My mum and dad considered themselves animal lovers. In old black and white photographs there are pictures of a teenage Shirley either holding a black and white cat to her side, kneeling down beside a dog or – in one, beaming at a seaside photographer as a baby monkey clings for dear life to her black and white swimsuit.
My dad grew up in the wilds of Dorset, surrounded by animals on farms and in every picture of the handsome, smiling Ted, he has a Collie or a German Shepherd by his side. Except for the ones where he’s wearing an army uniform. The first job my dad ever had was as a butcher’s boy, bicycling the hills and downs of Beaminster and surrounding areas with meat orders in his massive baskets… something I’d now liken to a kind of funeral director. One that encourages the congregation to eat the deceased. But I digress. Back to the happy black and whiteness…
Growing up we always had a pet on the go. Dogs were a given. Budgies. And in our teens, my brother and I were conceded a gerbil each. Perversely, these ‘cute little girls’ turned out to be of opposite sexes and we had to buy a second cage to quell the rampant ‘chats’ they were determined to entertain us with during Tomorrow’s World.
Mother had a bird table. She hung nets of lard pricked with seeds from the eaves of dad’s shed for the Blue Tits she spent hours watching from the kitchen window, cooing over. She left balled up bits of old wool and twine out along the fence so the birds could collect it to line their nests with in the winter. She kept an Observers Book of Garden Birds by the sink so she could tell dad which ones she’d spotted during the day. And on Sundays she’d rub fat over a dead one, roast it and carve it up for our lunch.
I never questioned it. Well, you don’t, do you? Not when it’s been the absolute norm your entire life. Meat and two veg. Dad’s a butcher. He brings offcuts and cheap cuts home every evening for the sole purpose of giving the veg on our plates something to feel inferior to.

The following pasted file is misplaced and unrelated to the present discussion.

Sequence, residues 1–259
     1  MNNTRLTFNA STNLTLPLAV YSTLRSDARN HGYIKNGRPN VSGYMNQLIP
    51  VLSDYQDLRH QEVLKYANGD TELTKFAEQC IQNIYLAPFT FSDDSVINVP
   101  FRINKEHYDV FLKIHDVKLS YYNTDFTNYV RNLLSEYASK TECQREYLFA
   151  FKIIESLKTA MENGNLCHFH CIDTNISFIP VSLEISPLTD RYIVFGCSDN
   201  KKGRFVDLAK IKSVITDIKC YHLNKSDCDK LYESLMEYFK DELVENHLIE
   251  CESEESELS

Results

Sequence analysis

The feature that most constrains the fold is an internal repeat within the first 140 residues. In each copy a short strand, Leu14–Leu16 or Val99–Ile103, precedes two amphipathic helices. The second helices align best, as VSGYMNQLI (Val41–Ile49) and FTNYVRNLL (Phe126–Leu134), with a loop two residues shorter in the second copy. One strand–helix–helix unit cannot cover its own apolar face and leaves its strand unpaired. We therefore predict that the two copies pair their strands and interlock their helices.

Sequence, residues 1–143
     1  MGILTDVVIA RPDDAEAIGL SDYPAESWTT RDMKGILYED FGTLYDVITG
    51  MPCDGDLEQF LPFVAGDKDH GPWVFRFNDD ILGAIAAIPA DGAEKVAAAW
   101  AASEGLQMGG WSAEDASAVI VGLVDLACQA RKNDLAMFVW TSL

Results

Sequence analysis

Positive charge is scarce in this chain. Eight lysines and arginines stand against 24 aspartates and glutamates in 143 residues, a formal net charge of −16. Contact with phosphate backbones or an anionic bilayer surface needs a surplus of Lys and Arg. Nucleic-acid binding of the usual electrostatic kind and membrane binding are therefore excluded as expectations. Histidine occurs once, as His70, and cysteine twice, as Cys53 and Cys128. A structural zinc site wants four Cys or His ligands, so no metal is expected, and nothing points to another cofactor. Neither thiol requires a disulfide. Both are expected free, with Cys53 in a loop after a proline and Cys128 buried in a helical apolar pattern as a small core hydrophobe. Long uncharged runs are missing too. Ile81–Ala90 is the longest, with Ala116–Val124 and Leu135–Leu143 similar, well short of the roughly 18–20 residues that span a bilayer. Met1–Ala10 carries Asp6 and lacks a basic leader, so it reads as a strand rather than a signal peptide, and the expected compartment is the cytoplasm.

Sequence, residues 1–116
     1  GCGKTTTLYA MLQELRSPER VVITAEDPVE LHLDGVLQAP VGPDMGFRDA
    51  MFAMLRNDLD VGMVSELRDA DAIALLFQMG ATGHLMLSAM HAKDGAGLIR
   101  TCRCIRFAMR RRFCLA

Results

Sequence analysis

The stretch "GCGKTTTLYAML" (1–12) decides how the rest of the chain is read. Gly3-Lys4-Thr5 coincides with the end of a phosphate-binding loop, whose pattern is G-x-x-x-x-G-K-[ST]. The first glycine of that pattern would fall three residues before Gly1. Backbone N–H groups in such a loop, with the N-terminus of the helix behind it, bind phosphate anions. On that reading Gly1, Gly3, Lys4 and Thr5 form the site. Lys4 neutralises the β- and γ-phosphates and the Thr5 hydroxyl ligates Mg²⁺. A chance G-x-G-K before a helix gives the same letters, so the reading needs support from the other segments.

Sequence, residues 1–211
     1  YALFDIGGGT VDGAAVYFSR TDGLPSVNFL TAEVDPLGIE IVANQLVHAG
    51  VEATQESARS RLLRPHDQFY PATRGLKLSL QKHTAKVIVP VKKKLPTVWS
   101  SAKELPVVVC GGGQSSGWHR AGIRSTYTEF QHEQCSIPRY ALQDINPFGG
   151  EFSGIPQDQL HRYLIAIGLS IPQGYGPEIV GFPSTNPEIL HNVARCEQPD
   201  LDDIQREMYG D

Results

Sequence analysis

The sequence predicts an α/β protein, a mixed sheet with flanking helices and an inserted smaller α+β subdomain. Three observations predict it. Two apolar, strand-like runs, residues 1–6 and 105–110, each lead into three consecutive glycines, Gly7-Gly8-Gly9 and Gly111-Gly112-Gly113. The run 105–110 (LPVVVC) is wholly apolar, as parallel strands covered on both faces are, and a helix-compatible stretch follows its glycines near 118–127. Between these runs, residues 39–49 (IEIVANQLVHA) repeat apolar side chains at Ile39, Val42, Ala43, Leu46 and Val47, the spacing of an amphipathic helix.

During school holidays my brother and I used to ‘help out’ at his Butcher shop in the village. On Wednesday half day closing, the lorry would arrive from the slaughterhouse with the carcasses the shop had ordered, and I’d actually watch with a kind of proud satisfaction as dad backed himself up to the end of the lorry and waited for half a cow/sheep/pig to be placed onto his white overalls so he could haul it through the sawdusted tiles of the shop to the rear where the cold store was.
It didn’t dawn on me that these ‘sides’ of meat were dead animals. No one told us and we never thought to ask. Although I do remember asking mother once why my meat was called ‘lamb’ when ‘my’ lambs were cute little white fluffy leaping things in fields at Easter. I was told that was ‘just a name for it’. Like ‘ham’ was another name for ‘pork’ (at no time was an actual pig ever mentioned).
During school dinners I remember a teacher standing at the head of each table, making sure that all the children ate everything on their plates; gristle, fat and whatever else included. We were made to swallow things we couldn’t chew and show the teacher our empty mouths which put me off fatty meat for life. Anything with veins, lines of white or tubes in it made me gag at the sight. Just as the daily half pint of milk had always made me queasy. The only way I’d drink milk was if it was sweetened with Nesquik or turned into custard or rice pudding.
On holidays in Dorset (when cows and sheep positively littered the fields and gave the country a beautiful sound as well as sight) we’d often have to stop to let a farmer cross the road with his herd of cows, and I’d watch with revolting fascination as the cows’ udders hung swollen and heavy making their journey look cumbersome and painful as they struggled to walk with these stretched and veiny bags between their legs. I remember asking Dad how come they didn’t explode with so much milk inside them and was told that this was what farmers were for – to make sure that didn’t happen and to ensure the cows were milked twice a day without fail or else the cows would get sick. In those days I actually felt a huge sense of regard for the farmers; they were like heroes to these poor animals who, if left alone, would surely explode in their fields with the amount of milk they were making. Thank goodness for farmers or else where would the world be!